The State of Manufacturing in November

November follows October, which was celebrated as Manufacturing Month nationwide, and is a time to pivot, get back to business, and navigate the road ahead, which presents a mixed picture.

The Institute for Supply Chain Management’s Manufacturing Purchasing Manager’s Index (PMI), an index that measures U.S. manufacturing activity, fell 0.7 percentage points to 50.2 in October, the lowest level since May 2020, just over the 50 threshold that reflects a shrinking economy. Manufacturing is slowing due to a decline in business spending and demand for consumer goods, according to the National Association of Manufacturers (NAM).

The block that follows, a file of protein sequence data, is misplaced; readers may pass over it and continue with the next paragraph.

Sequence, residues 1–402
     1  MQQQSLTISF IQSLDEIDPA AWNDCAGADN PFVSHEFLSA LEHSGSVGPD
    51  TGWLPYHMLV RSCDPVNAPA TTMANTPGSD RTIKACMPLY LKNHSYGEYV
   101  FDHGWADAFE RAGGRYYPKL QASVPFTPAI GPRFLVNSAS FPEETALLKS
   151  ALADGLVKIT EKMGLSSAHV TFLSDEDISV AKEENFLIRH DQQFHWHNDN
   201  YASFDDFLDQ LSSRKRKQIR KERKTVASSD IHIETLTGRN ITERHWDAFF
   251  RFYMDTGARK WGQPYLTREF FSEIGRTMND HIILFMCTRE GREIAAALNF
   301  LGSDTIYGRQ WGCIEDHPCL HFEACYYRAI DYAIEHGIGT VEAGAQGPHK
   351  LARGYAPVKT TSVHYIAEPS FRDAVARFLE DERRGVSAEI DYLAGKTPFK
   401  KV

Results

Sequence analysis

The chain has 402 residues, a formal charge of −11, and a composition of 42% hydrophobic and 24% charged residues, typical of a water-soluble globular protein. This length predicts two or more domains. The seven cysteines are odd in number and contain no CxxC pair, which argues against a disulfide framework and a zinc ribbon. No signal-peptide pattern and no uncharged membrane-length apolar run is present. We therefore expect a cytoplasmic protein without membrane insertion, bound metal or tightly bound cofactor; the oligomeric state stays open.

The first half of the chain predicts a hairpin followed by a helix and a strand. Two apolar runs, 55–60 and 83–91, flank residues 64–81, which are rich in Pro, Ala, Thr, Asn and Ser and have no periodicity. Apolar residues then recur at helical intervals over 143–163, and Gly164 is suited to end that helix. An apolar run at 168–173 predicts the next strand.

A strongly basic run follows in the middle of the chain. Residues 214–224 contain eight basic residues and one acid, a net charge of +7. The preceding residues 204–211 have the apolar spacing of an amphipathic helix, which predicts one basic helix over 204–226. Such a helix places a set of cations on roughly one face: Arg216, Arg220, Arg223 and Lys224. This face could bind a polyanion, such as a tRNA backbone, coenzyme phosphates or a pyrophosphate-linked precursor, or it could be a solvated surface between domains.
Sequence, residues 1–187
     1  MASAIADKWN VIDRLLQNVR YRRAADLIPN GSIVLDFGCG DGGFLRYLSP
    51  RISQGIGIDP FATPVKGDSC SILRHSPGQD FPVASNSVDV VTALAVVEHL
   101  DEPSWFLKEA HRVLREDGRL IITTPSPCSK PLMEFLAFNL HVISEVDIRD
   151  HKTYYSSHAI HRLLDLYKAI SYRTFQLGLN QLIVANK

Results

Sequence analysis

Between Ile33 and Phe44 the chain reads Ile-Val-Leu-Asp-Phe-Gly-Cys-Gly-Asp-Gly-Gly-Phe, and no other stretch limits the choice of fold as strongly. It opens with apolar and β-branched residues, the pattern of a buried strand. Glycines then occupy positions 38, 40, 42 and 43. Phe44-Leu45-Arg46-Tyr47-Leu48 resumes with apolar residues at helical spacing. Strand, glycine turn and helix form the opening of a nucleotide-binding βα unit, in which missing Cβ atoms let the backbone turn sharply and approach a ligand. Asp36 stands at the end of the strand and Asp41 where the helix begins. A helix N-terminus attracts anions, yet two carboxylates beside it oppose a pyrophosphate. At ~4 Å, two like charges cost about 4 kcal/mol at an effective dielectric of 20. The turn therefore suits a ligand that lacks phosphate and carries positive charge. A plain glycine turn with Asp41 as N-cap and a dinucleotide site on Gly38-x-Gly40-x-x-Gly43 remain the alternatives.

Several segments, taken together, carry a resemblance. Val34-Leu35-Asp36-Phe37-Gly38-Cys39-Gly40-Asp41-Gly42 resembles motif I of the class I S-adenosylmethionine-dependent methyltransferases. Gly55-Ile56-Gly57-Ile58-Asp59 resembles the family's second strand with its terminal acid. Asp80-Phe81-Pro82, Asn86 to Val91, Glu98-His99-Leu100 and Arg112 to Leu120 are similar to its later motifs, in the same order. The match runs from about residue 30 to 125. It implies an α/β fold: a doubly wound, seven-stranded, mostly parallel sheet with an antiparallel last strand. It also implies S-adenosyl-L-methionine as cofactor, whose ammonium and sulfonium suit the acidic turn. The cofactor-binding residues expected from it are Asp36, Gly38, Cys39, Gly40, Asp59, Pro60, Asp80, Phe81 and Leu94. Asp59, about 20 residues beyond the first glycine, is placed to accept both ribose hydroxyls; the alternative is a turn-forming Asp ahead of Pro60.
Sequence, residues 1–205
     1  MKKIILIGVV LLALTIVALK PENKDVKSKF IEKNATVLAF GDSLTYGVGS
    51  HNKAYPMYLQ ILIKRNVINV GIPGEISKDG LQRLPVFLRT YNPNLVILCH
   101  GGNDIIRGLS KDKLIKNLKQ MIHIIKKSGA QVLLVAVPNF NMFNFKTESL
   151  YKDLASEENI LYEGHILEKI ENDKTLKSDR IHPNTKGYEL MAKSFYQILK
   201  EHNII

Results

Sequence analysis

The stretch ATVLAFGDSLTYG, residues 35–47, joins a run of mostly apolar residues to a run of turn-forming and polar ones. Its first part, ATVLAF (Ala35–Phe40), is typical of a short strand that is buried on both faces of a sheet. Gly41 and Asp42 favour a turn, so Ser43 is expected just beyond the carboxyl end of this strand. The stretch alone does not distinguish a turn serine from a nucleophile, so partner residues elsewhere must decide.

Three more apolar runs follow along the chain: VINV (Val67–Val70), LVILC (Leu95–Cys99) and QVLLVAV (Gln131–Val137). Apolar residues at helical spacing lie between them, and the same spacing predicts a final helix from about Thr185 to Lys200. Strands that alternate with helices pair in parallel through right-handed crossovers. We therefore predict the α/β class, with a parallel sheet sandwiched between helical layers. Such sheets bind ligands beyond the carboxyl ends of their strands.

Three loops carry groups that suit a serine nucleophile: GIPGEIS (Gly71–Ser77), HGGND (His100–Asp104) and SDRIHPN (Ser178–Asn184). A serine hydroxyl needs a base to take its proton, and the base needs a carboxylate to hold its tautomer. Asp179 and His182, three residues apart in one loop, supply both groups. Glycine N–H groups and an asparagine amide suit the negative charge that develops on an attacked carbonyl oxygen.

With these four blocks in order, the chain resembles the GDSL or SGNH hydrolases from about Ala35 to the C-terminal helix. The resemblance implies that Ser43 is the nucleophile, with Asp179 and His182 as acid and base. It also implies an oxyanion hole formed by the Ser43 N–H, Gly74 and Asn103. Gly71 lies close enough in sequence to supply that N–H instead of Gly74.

In contrast, the U.S. economy rebounded in the third quarter, expanding 2.6% at the annual rate, due in part to strong consumer spending on services, government, and net exports. According to the Consumer Price Index (CPI), the annual inflation rate also fell 7.7% in October from 8.2% in September. While supplier price and inflation are possibly abating, it is important to remember that rises and falls in inflation have happened before in waves. Real GDP, furthermore, is forecasted to increase 1.8% in 2022 with only 0.7% growth in 2023, elevating the risk of recession.

On the upside for manufacturing, supply chain bottlenecks continue to improve with supplier delivery times, manufacturing production expanded by 0.4% in September (4.7% year-over-year), employment increased by 32,000 in October (up from 23,000 in September), and output in the third quarter increased by 1.4%, demonstrating manufacturing resilience to the many challenges from soaring costs and workforce labor shortages to economic uncertainties.